- Police Beat
- The Forecaster
SCARBOROUGH — After one summer season, the success of the town’s new Higgins Beach parking rules depends on who you ask.
Police officers, public works staff and town councilors say the plan has had some success controlling beach-going traffic. They also said town-owned parking lot is showing a profit.
But some Higgins Beach residents say visitors using new one-hour parking on Bayview Avenue have displayed unsavory behavior, including public nudity, urination and drinking.
The parking ordinance was approved in January. It prohibits parking on side streets, established one-hour parking and drop-off spots along Bayview Avenue, and created the attended, pay-to-park lot on Ocean Avenue across from the Higgins Beach Inn.
Of the 84 days the lot was open, it was full 41 days. The $5 parking fee brought in nearly $23,000 in those weeks, at a cost of about $8,750 for staffing.
“The facility worked pretty well this year, especially for our first year,” Public Works Director Bruce Gullifer said at a Town Council workshop on Wednesday.
Reserve Officer Ted Gagnon, who patrolled Higgins Beach this summer, said the new parking system reduced the number of people parking on Acorn Lane, which in previous summers had been a haven for drivers with nowhere else to go.
The two summer attendants, Bill Reichl and Ryan Colpitts, said an additional 22 parking spots would bring the lot up to a total that might better handle the demand. Town Manager Tom Hall said in a memo that the expansion would likely cost about $45,000 and could easily be completed by next summer.
The two attendants also suggested that an automated ticket system be installed, which would charge visitors by the hour. They said it would catch parkers who sneak in early to avoid payment.
Reichl and Colpitts also said the fee should be raised from $5 per vehicle to $10. But that idea was met with resistance from councilors.
“We decided on a $5 fee to entice people to use the parking lot,” Councilor Carol Rancourt said. “Hourly parking could get pretty pricey.”
Reichl and Colpitts also asked that the town construct a restroom, a plan others said would help avoid the disrobing by beach-goers along Bayview Avenue. In a memo handed out Wednesday night, the attendants’ recommendations were echoed by the Community Services and Recreation Advisory Board.
Police Chief Robert Moulton told the council that while police calls and citations were up this year at the beach, they were in line with what he would have expected considering the new rules and what he called “increased vigilance” by residents.
Police recorded 463 parking violations from Jan. 1 to Oct. 1, 2011, an increase of 189 over the same period in 2010, he said.
“We were looking at a situaion where there were more opportunities for violation because of the new one-hour parking,” Moulton said. “But we also had more vigilance from residents calling in for violations.”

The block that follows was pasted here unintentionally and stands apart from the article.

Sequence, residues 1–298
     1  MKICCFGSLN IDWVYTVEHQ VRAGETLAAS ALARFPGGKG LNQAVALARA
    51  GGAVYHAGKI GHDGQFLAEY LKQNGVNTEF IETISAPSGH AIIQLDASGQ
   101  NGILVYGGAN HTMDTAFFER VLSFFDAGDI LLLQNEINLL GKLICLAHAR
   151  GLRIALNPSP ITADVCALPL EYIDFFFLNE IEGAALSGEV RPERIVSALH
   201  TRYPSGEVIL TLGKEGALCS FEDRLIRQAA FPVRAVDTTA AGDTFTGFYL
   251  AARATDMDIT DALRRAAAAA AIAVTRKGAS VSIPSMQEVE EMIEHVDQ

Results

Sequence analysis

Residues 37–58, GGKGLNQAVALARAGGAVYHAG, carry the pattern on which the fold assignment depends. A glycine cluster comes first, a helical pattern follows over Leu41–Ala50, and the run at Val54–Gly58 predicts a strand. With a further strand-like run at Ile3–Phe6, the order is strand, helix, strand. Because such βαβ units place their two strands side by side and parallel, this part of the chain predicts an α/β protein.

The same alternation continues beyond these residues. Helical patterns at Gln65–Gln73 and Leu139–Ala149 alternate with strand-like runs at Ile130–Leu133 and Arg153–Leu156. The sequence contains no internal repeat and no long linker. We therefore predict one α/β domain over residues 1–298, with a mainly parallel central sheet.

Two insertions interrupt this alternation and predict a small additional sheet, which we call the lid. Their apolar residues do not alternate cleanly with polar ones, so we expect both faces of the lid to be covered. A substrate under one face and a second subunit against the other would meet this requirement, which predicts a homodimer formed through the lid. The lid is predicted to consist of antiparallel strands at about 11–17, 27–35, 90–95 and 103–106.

Moulton said 71 of the violations were reported by residents. Of those calls, 42 were from just five residents.
For analysis, Moulton compared offenses at Higgins Beach, Prout’s Neck and Pine Point. He said each one had more of certain types violations than others: Prout’s Neck had more traffic violations because of increased policing in the neighborhood, Pine Point had more shellfish violations because more fisherman operate there, and Higgins Beach had more parking violations.
“It makes sense that you see more parking violations at Higgins Beach than at the others,” Moulton said. “The numbers are relatively consistent between each area when you consider the unique characteristics.”
Gagnon said that if anything needs to be changed along Bayview Avenue, it is the addition of more parking spots for handicapped permit users and more signs identifying loading zones. There are two spaces reserved for handicapped permits.
Roger Chabot, speaking on behalf of the Higgins Beach Association, which represents 80 percent of homeowners in the area, said the new rules have helped keep roadways open and allow for easier access in and out of the neighborhood.
But beyond that, he said, the changes have brought nothing but traffic issues, inappropriate behavior and water-quality problems.
Chabot told councilors that he’d seen drivers back up 200 feet on Bayview Avenue to try and get a spot that opened after they’d passed. He said this is a danger to pedestrians in the area.
The association distributed folders including photos of beach-goers stripping, bathing, urinating or drinking near their cars. Chabot has said that if visitors weren’t allowed to park on Bayview, and if the town had built a bathhouse or changing room in the parking lot, much of this could have been prevented.
“This activity needs to be put to an end somehow,” he said.”… The parking situation is not working. I hope that you seriously take a look at this. It’s an issue that needs to be resolved.”
Councilor Michael Wood, taking what is likely his last opportunity to speak on Higgins Beach before he resigns next month, said he thought the town had some success in its first year with the new parking ordinance, but that more work should be done.
“I don’t know what the answer is,” Wood said, “but I think it lies in us paying attention to what we as councilors are here to do first and foremost: access to the beach is very important and we can’t have it shut off.”